Salma Hayek was recently tied to the never-ending, heartbreaking news cycle about sexual predators when creepy photos resurfaced of director Oliver Stone acting inappropriately toward her on a red carpet. But Hayek herself didn't utter a single word about Harvey Weinstein and the nearly 60 women who have come forward against him with allegations of sexual assault and harassment – until now.
Hayek held nothing back in a recent essay for the New York Times titled "Harvey Weinstein is My Monster Too."
"Harvey Weinstein was a passionate cinephile, a risk taker, a patron of talent in film, a loving father and a monster," she began the piece. "For years, he was my monster."
Deciding to finally tell her story was no easy feat. “I didn’t consider my voice important, nor did I think it would make a difference,” Hayek wrote.
"I felt that by now nobody would care about my pain — maybe this was an effect of the many times I was told, especially by Harvey, that I was nobody." Ultimately, she felt compelled to speak out, giving thanks to those who came before her.
Hayek explains Frida Kahlo was a major influence on her life, and she was determined to make a film about her.
Hayek felt she had to prove herself more than other actresses, as she was from Mexico, and she was determined to have Harvey Weinstein, a powerful and well-respected producer at the time, make her dream movie.
"All I knew of Harvey at the time was that he had a remarkable intellect, he was a loyal friend and a family man," Hayek wrote on her early relationship with the director.
Hayek and Weinstein worked out specific business deals that would put her on the forefront of his movies — and would lead to the creation of "Frida." She was "so excited to work with him and that company," so money wasn't really a factor.
Hayek may have excitedly yes to the movie deal, but soon found herself saying "no" over and over again when they started working together.
"Little did I know it would become my turn to say no. No to opening the door to him at all hours of the night, hotel after hotel, location after location, where he would show up unexpectedly, including one location where I was doing a movie he wasn’t even involved with," she wrote.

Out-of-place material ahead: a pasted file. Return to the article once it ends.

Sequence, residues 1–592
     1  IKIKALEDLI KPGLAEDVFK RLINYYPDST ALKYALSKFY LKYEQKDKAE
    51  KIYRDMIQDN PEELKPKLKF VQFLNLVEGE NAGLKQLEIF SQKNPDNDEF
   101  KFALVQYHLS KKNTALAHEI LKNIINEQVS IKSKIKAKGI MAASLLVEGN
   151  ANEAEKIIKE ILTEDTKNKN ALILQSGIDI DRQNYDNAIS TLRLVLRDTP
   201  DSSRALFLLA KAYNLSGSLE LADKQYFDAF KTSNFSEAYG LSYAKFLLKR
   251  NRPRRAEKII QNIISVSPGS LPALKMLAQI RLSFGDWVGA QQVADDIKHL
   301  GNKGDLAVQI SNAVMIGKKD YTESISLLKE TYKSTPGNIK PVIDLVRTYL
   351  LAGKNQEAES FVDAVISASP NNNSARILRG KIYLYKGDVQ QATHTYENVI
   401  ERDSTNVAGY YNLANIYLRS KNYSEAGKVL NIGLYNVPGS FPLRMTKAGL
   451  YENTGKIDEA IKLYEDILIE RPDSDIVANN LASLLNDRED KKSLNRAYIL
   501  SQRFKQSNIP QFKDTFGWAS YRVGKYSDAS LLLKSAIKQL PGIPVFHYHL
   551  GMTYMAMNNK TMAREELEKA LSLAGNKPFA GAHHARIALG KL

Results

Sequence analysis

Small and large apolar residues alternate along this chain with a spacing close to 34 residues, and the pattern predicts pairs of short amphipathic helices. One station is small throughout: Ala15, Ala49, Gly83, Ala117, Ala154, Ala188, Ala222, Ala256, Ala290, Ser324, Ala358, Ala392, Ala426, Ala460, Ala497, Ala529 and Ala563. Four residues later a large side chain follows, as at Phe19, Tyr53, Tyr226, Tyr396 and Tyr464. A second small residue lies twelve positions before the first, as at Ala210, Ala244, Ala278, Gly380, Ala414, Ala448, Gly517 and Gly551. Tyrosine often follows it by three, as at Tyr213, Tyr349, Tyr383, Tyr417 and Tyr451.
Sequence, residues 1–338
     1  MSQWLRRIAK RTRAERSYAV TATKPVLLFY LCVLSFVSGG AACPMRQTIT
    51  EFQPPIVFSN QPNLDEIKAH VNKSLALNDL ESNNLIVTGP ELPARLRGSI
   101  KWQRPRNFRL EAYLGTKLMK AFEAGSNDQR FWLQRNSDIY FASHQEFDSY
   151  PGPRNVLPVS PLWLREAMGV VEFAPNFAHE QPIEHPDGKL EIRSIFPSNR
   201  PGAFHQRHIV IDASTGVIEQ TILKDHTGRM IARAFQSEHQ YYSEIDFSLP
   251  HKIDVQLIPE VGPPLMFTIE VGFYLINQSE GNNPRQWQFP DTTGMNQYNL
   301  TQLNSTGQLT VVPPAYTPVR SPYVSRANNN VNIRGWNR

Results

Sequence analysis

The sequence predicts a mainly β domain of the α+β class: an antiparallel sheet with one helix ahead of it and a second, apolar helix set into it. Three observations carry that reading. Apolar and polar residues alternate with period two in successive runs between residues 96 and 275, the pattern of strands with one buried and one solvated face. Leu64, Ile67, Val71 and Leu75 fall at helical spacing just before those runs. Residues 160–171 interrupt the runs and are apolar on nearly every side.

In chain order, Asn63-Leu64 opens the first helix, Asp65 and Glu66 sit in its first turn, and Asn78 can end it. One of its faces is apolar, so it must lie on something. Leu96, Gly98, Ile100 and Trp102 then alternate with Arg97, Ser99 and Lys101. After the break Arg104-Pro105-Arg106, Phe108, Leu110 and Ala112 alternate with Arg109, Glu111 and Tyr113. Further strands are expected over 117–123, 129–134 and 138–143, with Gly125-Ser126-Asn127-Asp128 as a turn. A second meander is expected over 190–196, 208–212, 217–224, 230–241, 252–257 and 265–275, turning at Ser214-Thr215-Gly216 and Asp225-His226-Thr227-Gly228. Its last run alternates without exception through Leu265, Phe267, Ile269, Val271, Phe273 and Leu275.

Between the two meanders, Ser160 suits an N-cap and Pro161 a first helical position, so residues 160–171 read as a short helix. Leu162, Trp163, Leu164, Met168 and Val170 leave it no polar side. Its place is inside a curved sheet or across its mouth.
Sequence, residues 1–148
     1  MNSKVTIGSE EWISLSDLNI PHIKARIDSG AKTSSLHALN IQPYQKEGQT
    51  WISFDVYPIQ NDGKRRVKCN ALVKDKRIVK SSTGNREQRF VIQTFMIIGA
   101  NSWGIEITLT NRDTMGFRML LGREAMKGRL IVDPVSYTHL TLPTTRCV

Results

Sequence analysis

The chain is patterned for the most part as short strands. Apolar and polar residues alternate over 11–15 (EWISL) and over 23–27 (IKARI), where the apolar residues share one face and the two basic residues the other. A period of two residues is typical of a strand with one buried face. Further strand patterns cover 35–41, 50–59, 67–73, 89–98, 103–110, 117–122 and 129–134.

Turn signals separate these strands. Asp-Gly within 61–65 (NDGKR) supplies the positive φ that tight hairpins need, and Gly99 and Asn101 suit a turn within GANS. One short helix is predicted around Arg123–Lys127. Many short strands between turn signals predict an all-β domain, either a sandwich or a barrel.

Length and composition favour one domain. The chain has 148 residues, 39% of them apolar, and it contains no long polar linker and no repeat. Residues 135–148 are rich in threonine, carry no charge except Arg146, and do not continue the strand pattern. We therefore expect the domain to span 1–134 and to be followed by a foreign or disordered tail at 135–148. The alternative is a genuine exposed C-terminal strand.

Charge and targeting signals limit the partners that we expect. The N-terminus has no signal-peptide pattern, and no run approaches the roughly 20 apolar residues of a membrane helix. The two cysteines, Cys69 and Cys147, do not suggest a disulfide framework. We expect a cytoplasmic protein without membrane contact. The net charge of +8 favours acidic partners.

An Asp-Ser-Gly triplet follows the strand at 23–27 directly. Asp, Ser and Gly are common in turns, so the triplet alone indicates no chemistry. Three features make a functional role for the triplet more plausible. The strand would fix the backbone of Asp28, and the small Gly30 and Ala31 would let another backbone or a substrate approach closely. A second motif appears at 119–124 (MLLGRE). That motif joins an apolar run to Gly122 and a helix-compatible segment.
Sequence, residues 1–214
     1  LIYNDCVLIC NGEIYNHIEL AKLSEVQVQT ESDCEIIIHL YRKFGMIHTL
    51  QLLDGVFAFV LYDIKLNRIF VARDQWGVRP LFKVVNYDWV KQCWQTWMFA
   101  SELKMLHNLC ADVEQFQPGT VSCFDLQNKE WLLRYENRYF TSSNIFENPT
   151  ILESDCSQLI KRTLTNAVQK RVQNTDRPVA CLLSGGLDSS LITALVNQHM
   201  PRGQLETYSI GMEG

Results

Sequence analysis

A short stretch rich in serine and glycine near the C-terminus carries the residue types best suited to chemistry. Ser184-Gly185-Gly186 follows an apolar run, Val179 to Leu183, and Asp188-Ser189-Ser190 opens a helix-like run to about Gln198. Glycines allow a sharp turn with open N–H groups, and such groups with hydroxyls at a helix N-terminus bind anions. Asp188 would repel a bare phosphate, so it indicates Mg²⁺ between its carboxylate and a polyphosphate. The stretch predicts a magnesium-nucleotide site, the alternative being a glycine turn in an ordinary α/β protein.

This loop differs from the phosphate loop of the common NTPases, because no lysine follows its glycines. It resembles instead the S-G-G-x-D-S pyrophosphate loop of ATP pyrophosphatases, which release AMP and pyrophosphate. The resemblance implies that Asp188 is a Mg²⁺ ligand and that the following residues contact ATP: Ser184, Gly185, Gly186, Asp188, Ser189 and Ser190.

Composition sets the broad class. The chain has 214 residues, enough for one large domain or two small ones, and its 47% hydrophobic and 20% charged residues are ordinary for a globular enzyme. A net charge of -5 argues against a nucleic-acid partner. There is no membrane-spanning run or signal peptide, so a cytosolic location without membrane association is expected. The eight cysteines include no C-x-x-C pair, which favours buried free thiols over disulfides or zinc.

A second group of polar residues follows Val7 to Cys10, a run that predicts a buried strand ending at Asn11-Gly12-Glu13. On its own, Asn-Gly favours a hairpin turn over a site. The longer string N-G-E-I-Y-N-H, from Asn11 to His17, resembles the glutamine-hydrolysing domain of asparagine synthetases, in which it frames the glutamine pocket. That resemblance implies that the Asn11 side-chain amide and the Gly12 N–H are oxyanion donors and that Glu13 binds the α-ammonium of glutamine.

"No to me taking a shower with him.
No to letting him watch me take a shower.
No to letting him give me a massage.
No to letting a naked friend of his give me a massage.
No to letting him give me oral sex.
No to my getting naked with another woman.
No, no, no, no, no …"
Hayek's refusal to comply with Weinstein's sexual demands was met with rage – so much so that he once threatened to kill her.
"The range of his persuasion tactics went from sweet-talking me to that one time when, in an attack of fury, he said the terrifying words, 'I will kill you, don’t think I can’t," she explained.
Weinstein's offenses didn't stop there. He continued to diminish her as an actress and as a person. "In his eyes, I was not an artist. I wasn’t even a person. I was a thing: not a nobody, but a body," the 51-year-old actress wrote.
After almost preventing "Frida" from being made (he kept coming up with ridiculous demands to stall the production), Weinstein appeared on the set of "Frida" to make more offensive passes at Hayek.
"He told me that the only thing I had going for me was my sex appeal and that there was none of that in this movie. So he told me he was going to shut down the film because no one would want to see me in that role," she said.
At that moment, Hayek explained she felt defeated and incompetent, both as a producer and as a woman. She eventually agreed to do a nude sex scene with another woman so the movie could get made, even though she felt it was unnecessary and it made her deeply uncomfortable. "But this time, it was clear to me he would never let me finish this movie without him having his fantasy one way or another. There was no room for negotiation," she said.
"Even though 'Frida' eventually won him two Oscars, I still didn’t see any joy," Hayek explained.
Years later, the director apologized to Hayek for what he'd done and told her he considered himself a changed man. “You did well with ‘Frida’; we did a beautiful movie," he told her, and she believed him, despite everything he had done that had already crushed her soul.
Hayek's saga with Weinstein is thankfully over, but she knows there's still a lot of work to be done in Hollywood, which starts with stars like her speaking up.
"Until there is equality in our industry, with men and women having the same value in every aspect of it, our community will continue to be a fertile ground for predators," she wrote.